Ironman Wisconsin Bike Course Thoughts

In 2013 I did Ironman Wisconsin and drove the bike course the day before.  That was a mistake, but it definitely convinced me not going to take the course lightly.

Hills always seems worse in a car for some reason and while I’m sure there are some flat sections, I don’t remember many.  Just up and down up and down.

There were also lots of turns, which I wound up liking as a distraction.  There’s nothing worse to me than laying in aero for hours on end.  In the end, that hellacious bike course treated me to my favorite ride of my life.  Here’s why.

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Coming down the Helix at Ironman Wisconsin www.active.com

Warning: I don’t wear a Garmin and describe most of this by memory and feel.

The Stick

The “stick” is roughly 13 miles and takes you out to the “lollipop” or loop of which you circle twice.  The loop is where the hills are, but the stick plays an important part, especially on the way back.

When you wind out of the Helix, you ride along the lake for a few minutes, then roll onto a bike path (which I believe is a no-pass zone) for a short stint.  Then you’ll pedal through the Colliseum parking lot, cross over the Beltline and weave your way to a country road around mile 5.  This is where (according to elevation maps) you’ll start your first climb of the day, but honestly I don’t remember it being a big deal.

Around mile 10 you’ll hit the top of that climb and this is the point when you should make a mental note of what the backside of that hill will look like when you’re closing in on home.  In some ways it felt like the toughest 3 mile stretch of the course around mile 100.  The wind was right in my face which I hear this is common for that point of the race.

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One of many scenes like this on the IMWI Bike Course

The Loop

Before the race, a friend of mine promised that the crowd support on the bike would shock me . . . and he was right.  As soon as you hit the loop, you’ll start seeing little parties all over the place.  People sitting in front of their homes grilling out and allegedly sipping beer.  Then you’ll experience small towns like Mount Vernon, Mount Horeb, Cross Plains, and Verona, all with with people lining Main Street.  You’ll also see the swarm of spectators lining the sides of the “3 bitches.”

The 3 Bitches is the nickname for the three big climbs on the course, of which you do twice.  These hills are genuinely in the middle of nowhere and it amazes me how many people come out to cheer you up the climbs.  They dress in crazy costumes, run alongside you, and party with you all morning.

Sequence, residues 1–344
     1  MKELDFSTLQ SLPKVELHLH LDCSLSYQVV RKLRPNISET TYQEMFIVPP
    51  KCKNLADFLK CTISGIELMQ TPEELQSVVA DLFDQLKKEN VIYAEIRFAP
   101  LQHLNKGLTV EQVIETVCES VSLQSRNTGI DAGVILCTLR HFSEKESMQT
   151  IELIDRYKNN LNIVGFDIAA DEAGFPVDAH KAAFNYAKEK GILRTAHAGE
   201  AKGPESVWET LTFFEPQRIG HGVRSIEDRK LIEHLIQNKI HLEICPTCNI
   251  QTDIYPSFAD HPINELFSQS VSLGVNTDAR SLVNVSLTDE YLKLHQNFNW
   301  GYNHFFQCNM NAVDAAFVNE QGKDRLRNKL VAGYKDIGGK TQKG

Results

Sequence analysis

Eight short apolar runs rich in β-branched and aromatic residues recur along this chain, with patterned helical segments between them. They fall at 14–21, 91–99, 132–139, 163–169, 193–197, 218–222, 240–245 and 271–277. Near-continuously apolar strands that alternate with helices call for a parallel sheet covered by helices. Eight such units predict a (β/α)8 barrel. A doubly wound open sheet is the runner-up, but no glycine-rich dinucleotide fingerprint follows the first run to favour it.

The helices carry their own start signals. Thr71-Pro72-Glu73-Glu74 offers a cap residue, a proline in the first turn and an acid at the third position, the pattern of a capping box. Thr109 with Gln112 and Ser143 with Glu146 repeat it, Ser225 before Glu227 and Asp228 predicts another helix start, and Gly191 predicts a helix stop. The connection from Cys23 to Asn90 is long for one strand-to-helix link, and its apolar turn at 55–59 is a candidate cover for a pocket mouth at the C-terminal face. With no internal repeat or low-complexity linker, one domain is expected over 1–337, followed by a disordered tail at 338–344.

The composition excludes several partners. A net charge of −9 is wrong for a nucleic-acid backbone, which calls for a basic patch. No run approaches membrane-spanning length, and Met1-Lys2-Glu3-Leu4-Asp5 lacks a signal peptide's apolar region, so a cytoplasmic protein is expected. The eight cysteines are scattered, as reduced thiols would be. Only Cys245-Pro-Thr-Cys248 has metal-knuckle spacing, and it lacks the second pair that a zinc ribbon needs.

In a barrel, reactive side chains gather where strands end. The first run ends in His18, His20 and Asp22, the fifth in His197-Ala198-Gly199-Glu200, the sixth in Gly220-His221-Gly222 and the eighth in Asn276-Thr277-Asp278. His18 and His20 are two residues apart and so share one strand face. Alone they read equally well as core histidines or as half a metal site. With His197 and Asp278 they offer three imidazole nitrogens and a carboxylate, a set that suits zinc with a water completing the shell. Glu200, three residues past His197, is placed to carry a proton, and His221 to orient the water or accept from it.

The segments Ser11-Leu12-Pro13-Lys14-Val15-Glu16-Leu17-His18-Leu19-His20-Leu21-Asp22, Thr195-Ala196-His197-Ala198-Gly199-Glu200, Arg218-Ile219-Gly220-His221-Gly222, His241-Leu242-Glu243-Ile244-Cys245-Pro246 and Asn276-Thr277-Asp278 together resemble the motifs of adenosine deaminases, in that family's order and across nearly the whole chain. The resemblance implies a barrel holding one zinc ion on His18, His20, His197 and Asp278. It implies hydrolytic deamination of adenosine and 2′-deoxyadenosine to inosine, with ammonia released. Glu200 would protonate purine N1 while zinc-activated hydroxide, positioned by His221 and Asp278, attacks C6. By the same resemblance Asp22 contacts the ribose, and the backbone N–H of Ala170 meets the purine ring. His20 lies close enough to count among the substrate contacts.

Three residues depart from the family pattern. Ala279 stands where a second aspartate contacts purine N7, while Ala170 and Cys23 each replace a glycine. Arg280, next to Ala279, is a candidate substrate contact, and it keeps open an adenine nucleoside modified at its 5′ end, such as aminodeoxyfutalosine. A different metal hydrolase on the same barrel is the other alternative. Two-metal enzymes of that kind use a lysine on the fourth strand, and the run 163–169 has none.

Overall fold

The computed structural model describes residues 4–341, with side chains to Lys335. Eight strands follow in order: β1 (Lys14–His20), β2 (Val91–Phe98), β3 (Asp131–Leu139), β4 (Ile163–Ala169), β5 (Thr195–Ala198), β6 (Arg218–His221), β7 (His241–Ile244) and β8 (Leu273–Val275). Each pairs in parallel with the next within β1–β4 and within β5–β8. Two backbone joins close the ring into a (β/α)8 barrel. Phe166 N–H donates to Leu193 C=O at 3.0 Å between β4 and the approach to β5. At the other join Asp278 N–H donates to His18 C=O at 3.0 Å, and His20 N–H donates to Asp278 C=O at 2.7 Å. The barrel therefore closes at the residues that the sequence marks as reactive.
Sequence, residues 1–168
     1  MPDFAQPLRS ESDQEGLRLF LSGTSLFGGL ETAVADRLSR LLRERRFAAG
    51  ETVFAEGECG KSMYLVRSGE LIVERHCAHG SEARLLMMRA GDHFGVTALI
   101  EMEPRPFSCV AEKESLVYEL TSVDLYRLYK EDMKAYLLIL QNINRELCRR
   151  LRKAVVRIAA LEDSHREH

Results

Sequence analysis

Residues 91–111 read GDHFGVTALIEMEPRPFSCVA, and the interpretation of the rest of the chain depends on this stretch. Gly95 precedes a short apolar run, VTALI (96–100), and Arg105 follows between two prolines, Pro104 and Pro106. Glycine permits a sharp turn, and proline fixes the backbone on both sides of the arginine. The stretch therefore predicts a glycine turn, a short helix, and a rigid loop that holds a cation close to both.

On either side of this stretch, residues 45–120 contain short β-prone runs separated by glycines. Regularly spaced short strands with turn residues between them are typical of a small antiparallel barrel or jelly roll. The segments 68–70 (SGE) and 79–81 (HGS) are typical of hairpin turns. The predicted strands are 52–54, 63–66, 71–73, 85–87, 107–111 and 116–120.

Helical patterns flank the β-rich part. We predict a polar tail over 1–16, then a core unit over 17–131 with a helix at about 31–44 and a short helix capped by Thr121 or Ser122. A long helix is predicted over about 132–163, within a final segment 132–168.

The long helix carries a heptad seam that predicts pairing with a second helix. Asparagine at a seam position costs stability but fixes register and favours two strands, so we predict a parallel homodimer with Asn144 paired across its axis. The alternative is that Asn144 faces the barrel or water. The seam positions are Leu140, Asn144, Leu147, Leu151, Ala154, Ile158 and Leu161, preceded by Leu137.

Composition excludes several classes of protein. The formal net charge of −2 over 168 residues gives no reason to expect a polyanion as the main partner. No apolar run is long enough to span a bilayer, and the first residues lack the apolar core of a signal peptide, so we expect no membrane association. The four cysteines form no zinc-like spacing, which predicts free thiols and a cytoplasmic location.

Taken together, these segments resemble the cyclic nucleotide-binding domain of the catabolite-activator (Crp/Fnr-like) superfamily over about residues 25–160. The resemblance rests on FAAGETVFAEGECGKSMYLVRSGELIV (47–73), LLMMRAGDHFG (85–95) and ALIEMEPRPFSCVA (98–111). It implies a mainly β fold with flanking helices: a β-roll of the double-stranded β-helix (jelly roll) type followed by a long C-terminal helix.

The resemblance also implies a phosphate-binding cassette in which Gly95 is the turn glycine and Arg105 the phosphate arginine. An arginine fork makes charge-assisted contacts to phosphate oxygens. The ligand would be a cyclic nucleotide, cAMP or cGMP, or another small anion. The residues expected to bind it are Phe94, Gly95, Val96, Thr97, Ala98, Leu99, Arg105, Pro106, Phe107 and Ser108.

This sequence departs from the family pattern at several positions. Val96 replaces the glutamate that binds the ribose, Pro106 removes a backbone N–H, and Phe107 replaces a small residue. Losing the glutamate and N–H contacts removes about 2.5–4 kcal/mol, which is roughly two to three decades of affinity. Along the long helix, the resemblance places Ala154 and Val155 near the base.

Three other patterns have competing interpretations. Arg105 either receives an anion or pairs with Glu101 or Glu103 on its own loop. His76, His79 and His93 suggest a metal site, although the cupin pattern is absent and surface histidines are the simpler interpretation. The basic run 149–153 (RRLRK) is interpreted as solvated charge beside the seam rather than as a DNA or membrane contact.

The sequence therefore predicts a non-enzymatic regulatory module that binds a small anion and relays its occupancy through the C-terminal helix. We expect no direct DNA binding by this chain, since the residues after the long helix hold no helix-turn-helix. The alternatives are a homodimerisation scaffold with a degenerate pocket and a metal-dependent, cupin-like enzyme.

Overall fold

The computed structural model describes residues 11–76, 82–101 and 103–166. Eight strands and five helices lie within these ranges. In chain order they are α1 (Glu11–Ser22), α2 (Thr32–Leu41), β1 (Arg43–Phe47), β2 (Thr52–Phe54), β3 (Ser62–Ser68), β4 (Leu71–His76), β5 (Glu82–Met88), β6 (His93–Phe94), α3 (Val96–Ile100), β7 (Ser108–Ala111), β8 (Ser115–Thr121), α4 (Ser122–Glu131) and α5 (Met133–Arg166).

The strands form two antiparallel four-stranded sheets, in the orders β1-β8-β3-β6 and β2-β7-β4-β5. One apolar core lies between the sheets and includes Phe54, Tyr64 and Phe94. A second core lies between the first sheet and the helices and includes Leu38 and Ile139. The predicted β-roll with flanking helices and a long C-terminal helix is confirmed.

www.patrickbradycoaching.com
www.patrickbradycoaching.com

After the 3rd Bitch you’ll be ready for some relief and Verona will satiate that demand.  It is genuinely packed 4 deep for two blocks and it’s your moment in the sun . . . enjoy it before you head out for loop two.  Rejoice as you go through the second time knowing you’re almost back to the stick for your return to the Helix.

Aside from the great spectator support, the course will offer classic farm country including a lot of barns, silos, and cows to calm your nerves.  It will also offer a lot of turns, short and long climbs, and screaming descents.

The day I tackled it I was having trouble with my big chain ring and literally rode the entire course in my small front ring.  I think it may have hurt my time a little, but in retrospect I also think it saved my race, especially the run.  The truth is, the small ring actually felt fine, especially because I coasted most of the downhills in recovery.

Many have told me this is probably the one course that could be ridden just as successfully with a road bike.  At the time I was terrible in aero and Wisconsin kind of lets you get away with riding in an upward position more often.  The climbs for sure and the fast descents had me a little nervous about not being close to a brake.

I’ve read anywhere from 3500 – 5,000 feet of gain on this course.  And most grade estimates range from 1.5 – 2.2 % on the big climbs.  I suppose that seems about right, but I in general be ready to gear, be ready to climb/descend and be ready to enjoy incredible support from my home state people who come out like it’s their very own Tour de France.

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Here’s a link to the Map My Ride I used.

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